January 4, 2003
Within the first day after Chicago Mayor Richard M. Daley destroyed the runway at Merrill C. Meigs Field, fully half of the owners whose aircraft are stranded turned to AOPA for help in escaping Daley's snare.
"What we've got to do now is help those 16 victims of Daley's war against Meigs get their aircraft back safely," said AOPA President Phil Boyer. "At this point, there isn't much hope of Meigs reopening."
AOPA has worked with the FAA and the city of Chicago to help spring the trapped aircraft. Among other things, AOPA provided aircraft performance data to help determine if the Meigs taxiway could be used safely as a runway.
"The 3,100-foot taxiway will be used for departures, with certain stipulations," said Woody Cahall, AOPA's vice president of aviation services. "The FAA's Great Lakes Region will hold a meeting on Wednesday morning to work out process and procedures for the stranded aircraft to depart."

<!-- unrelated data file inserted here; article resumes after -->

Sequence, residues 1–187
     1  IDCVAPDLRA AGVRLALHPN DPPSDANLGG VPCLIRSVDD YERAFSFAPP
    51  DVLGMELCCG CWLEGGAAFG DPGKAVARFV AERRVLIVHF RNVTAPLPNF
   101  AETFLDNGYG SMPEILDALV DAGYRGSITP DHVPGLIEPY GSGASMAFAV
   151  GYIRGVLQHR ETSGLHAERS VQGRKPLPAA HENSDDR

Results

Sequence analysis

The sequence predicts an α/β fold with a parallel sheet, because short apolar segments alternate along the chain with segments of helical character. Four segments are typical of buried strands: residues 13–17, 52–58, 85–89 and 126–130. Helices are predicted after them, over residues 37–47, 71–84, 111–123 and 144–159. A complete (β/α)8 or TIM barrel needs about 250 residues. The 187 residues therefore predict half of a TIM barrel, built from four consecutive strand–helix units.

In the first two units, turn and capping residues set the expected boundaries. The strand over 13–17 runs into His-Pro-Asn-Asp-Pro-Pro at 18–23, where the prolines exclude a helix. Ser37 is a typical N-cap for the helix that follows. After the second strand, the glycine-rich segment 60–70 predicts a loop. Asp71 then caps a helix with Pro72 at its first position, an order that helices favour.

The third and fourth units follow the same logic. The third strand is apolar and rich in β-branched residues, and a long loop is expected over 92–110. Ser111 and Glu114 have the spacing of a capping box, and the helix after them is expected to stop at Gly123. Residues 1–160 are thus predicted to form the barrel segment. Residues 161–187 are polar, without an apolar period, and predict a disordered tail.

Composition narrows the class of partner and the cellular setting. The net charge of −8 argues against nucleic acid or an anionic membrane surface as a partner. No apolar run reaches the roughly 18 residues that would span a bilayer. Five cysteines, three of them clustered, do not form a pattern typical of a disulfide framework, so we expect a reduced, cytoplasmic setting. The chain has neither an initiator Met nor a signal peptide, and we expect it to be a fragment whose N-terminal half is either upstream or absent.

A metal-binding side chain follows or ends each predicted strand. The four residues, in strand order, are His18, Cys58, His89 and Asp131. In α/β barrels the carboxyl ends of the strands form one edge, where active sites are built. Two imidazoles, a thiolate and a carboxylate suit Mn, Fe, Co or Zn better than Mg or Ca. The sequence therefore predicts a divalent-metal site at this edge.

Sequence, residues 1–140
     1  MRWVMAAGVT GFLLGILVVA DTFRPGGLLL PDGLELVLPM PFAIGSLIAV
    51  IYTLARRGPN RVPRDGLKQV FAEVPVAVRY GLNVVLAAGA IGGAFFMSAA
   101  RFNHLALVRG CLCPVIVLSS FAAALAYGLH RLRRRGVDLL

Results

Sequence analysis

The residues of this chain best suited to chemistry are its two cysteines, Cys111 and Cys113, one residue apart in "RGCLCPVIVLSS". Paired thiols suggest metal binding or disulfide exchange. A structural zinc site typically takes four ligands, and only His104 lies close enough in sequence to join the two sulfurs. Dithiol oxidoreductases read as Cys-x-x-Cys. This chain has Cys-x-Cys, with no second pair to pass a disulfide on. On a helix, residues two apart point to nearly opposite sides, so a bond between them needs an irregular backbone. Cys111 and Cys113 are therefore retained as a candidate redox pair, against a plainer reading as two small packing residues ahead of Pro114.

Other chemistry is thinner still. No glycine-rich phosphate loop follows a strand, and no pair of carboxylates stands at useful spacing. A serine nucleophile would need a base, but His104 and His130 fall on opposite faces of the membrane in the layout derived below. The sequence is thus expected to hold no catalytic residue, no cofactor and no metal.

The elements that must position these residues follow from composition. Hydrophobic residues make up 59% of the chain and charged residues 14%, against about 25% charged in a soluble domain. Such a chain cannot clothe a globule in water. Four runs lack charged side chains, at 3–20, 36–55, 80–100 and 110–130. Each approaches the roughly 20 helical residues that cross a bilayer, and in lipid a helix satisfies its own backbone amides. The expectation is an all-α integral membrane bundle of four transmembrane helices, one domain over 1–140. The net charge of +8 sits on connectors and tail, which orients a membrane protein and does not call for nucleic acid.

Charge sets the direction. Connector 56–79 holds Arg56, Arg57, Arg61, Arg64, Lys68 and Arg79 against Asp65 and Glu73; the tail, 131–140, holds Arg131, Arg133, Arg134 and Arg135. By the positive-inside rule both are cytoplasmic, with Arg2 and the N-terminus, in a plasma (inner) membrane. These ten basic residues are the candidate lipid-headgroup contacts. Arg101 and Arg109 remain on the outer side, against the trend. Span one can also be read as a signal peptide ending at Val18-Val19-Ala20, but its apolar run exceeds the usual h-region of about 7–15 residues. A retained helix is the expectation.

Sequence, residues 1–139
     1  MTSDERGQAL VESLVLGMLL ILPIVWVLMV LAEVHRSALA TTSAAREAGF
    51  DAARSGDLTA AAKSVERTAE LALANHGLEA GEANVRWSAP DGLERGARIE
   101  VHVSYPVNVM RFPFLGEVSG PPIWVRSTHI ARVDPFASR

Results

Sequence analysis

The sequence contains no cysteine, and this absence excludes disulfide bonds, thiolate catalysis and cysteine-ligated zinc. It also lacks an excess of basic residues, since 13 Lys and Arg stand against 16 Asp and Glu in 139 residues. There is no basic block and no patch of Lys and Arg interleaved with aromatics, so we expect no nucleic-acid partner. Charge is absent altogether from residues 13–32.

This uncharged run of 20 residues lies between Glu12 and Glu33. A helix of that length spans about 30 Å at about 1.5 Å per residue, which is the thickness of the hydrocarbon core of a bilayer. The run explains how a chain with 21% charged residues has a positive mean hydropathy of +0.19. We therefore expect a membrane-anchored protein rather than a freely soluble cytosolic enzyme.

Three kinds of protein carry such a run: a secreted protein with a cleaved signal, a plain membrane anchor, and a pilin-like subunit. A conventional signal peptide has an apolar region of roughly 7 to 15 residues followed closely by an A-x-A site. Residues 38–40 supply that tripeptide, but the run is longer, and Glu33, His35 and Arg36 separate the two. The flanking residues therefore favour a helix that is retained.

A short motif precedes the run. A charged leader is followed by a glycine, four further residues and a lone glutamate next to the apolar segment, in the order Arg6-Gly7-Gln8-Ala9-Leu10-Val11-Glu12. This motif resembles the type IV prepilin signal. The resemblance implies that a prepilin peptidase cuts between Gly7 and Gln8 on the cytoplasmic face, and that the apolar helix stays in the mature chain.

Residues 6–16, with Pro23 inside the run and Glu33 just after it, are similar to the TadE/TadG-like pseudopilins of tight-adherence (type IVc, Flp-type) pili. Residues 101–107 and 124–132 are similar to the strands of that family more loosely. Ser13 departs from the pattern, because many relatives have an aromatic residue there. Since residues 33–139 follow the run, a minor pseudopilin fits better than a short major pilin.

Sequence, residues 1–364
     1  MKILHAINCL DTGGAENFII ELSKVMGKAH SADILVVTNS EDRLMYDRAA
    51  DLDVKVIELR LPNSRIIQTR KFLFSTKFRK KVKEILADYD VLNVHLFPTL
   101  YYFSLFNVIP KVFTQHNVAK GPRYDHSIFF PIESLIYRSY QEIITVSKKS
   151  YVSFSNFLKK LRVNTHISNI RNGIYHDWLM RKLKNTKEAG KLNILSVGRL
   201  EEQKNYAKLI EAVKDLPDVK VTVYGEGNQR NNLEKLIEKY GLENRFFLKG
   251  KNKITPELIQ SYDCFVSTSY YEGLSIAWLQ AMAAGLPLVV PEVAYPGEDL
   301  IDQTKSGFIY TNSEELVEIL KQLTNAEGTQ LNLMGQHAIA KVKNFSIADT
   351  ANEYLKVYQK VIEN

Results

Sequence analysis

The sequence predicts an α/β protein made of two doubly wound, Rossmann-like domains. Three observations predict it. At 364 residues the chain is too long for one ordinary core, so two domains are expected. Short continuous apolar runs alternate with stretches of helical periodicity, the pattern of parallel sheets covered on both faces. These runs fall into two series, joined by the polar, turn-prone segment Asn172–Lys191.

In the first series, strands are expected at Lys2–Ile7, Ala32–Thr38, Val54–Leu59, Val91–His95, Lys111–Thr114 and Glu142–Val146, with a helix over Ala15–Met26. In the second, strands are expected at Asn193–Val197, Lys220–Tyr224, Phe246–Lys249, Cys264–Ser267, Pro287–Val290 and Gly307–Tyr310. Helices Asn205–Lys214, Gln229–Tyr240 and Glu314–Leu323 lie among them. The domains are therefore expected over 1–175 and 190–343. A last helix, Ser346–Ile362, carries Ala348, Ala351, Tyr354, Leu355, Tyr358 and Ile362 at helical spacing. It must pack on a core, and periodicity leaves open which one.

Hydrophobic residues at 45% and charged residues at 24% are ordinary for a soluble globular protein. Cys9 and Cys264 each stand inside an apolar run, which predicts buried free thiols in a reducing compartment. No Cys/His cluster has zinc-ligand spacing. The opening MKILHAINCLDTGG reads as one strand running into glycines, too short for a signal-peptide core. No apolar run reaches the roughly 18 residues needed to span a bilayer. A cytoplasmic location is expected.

Following that meeting, the city plans to issue a modified notam that will define a very narrow window during which the aircraft already at Meigs may depart. Airport officials will work with the aircrafts' pilots to figure out what time works best.
"There was also a great deal of confusion earlier today," said Cahall. "But AOPA has now established good working relationships with all the parties involved in the departure process and is ensuring the smooth flow of information."
The FAA has asked the National Transportation Safety Board to review a judge’s ruling reversing a fine it levied in an unmanned-aircraft case.
The Tucson Soaring Club is trying to grow the sport by training the next generation of glider pilots.
Able Flight has received and $8,000 check from the AOPA Foundation.
AOPA thanks our members for their continued support in protecting the freedom to fly.